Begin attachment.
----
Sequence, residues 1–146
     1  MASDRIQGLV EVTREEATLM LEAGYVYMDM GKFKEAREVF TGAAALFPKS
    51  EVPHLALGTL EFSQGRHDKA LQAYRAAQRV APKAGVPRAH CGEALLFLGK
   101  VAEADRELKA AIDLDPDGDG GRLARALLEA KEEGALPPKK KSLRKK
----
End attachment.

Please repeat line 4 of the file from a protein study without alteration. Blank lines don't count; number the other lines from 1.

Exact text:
   101  VAEADRELKA AIDLDPDGDG GRLARALLEA KEEGALPPKK KSLRKK